Concern for C.J. Anderson?
If you aren’t an Anderson owner, you may have missed the fact that he has been relatively quiet since a big Week 1 against the Panthers. He totaled 139 yards and two touchdowns from scrimmage in that game, and that seemed a portent of what was to come. Instead, he has rushed for 201 yards on 64 carries since then, good for just 3.14 yards per carry, and caught eight passes for 47 yards. He has buoyed his value with a pair of touchdowns, but Anderson has underwhelmed for four straight games.
Until last week, this wasn’t a huge issue. Sure, Anderson owners wanted more out of their back, but he was doing enough to remain, at the least, a reliable RB2, and he didn’t seem to have too much competition in the backfield. That may have taken a turn in Week 5.
Anderson got a season-low 11 carries in Denver’s 23–16 loss to Atlanta last week. He ran for just 41 yards on those carries, marking his third straight game with fewer than 50 rushing yards. Devontae Booker, meanwhile, played just seven fewer snaps than Anderson, handling six carries and six targets. He caught four of those passes and turned his 10 touches into 59 yards from scrimmage. Anderson may not have a complete stranglehold over the Denver backfield any longer.
Even if Booker is starting to take on a larger role in the Denver offense, Anderson owners shouldn’t react too harshly to what they saw last week. The Falcons scored on their first drive and led by two scores for much of the game. The Broncos were playing catch-up literally from their first possession, and that’s a script that doesn’t necessarily play to Anderson’s strengths. There’s plenty of room for Booker to get more responsibility in the offense and Anderson to remain a rock-solid RB2 week in, week out. That is, in fact, the most likely outcome.
Tom Brady changes the entire picture for the Patriots
The heading of this section doesn’t exactly come as a surprise. Oh, the Patriots run a different style of offense with arguably the best quarterback of his generation under center than they do with Jimmy Garoppolo or Jacoby Brissett? Thanks for the revelation.
Yeah, yeah, we all knew the Patriots would look different schematically in Brady’s 2016 debut. Just how radically the complexion of the offense changed, however, is worth examining.
Let’s begin with the running backs. LeGarrette Blount had a snap rate of 62% through four games. He played at least 54% of the snaps in all of New England’s games without Brady, and at least 59% in all of their wins. Blount also comfortably outsnapped James White every week.
That completely flipped last week. White played 38 snaps, while Blount was on the field for 31. Blount played a season-low 38.8% of the Patriots snaps, and this was in a game they won by 20 points, which seemingly creates a favorable script for the team’s lead runner. White had his best game of the season, catching four of his six targets for 63 yards, while running the ball five times for 26 yards.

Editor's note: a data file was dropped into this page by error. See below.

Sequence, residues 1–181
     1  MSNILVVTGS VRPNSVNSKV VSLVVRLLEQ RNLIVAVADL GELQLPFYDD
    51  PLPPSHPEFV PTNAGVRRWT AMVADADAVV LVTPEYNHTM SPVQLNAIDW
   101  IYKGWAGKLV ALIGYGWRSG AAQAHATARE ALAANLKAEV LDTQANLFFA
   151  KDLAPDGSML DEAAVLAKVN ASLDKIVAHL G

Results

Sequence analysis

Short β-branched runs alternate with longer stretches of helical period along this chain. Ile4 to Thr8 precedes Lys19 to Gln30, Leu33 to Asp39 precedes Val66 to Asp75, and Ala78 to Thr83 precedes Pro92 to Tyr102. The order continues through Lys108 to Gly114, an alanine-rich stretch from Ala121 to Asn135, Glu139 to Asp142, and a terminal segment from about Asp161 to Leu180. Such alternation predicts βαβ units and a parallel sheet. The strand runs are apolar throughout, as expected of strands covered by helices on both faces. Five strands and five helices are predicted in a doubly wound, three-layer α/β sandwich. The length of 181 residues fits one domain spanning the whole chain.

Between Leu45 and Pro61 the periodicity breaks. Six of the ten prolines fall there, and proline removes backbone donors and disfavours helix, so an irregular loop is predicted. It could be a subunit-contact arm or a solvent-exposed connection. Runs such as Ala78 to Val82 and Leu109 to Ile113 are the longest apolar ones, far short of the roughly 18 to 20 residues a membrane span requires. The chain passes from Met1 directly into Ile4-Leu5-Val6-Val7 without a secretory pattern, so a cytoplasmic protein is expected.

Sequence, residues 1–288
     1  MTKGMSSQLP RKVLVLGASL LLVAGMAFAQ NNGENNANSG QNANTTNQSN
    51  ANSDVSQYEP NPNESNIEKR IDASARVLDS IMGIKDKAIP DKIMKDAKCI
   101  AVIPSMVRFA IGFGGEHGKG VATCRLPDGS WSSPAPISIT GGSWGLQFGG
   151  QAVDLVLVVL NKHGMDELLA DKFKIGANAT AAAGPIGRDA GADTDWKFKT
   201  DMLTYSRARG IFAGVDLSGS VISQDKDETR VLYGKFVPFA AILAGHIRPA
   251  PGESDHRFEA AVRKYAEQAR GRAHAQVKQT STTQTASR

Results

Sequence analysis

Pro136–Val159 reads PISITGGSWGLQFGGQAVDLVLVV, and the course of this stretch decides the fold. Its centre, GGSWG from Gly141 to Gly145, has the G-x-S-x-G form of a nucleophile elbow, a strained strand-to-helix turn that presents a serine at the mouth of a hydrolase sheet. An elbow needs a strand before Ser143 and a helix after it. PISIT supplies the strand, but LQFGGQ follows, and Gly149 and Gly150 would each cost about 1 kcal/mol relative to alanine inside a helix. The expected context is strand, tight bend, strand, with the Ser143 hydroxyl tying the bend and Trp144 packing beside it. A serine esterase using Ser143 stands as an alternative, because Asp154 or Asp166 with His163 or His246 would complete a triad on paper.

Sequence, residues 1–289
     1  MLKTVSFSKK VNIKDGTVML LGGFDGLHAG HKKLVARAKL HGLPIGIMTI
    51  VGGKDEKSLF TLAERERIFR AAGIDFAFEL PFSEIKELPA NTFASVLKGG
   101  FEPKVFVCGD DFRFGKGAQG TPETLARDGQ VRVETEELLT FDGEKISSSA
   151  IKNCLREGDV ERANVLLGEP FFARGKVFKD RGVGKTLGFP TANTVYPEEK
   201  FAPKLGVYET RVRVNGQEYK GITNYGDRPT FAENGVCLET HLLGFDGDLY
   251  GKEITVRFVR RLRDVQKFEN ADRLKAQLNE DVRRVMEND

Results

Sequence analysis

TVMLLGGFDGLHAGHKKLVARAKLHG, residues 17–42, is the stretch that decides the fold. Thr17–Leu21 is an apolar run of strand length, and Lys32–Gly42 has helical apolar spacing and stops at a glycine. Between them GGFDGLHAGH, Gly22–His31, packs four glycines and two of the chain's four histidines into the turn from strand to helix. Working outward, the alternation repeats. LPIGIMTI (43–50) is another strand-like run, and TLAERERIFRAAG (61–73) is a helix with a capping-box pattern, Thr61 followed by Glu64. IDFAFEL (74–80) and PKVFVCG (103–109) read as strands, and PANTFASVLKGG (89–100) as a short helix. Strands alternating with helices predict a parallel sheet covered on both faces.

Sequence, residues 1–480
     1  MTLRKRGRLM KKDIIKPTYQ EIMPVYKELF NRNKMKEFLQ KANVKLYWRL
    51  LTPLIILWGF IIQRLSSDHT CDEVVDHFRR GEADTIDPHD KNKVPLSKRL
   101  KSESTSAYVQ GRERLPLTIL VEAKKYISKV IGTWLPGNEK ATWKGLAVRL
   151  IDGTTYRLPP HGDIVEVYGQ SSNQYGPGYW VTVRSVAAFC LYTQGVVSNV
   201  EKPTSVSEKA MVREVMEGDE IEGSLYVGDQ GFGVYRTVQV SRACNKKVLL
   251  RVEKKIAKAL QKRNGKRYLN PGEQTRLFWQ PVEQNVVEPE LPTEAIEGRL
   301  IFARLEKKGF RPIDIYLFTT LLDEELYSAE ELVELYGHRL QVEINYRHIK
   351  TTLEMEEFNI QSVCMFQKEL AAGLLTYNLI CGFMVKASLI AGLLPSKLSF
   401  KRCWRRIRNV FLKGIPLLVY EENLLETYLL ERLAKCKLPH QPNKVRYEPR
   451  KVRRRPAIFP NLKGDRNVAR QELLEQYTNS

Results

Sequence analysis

Blount still got 18 carries, totaling 37 yards and a touchdown. No back is going to challenge Blount’s primacy on the ground, but the offense as a whole is much different than the one in which Blount thrived during the first month of the season.
Rob Gronkowski had a season-high snap rate of 81%, while Martellus Bennett’s snap rate dipped to 69%, his lowest mark of the season. Still, Brady’s return was a boon for both tight ends. If you’re a Bennett owner, ask yourself this: Would you rather he play about 60% to 70% of the snaps in a Brady-led offense, or 100% of the snaps in a Garoppolo-led offense? The answer should be clear. As for Gronk, all he needed to get back to his old self was the return of his benefactor. Gronk and Bennett are going to have to share the spotlight, but this is nothing like Coby Fleener and Dwayne Allen getting in one another’s way when they were teammates with the Colts. Gronkowski and Bennett can co-exist, as they proved last week. The former remains the king of the tight end position, while the latter is the at the top of the third tier, which begins after Travis Kelce and Delanie Walker.
Checking in on some backfield timeshares
Miami: Adam Gase did indeed narrow the backfield, with Jay Ajayi handling 13 of the team’s 16 carries last week. He ran for 42 yards and a touchdown, and while he had just one of the six targets, he’s clearly atop the depth chart when Arian Foster isn’t healthy enough to play. He should retain a role in the offense when Foster returns.
Minnesota: Don’t expect 20 carries from Jerick McKinnon and 14 from Matt Asiata too often. The Vikings trounced the Texans last week, and that script led to a run-heavy second half from the Vikings. McKinnon disappointed again, and his owners should be most concerned about the fact that he and Asiata had the same number of targets (three). Having said that, McKinnon remains the talent play here. Asiata is a plodder who has been fortunate to fall into a few short-yardage scores.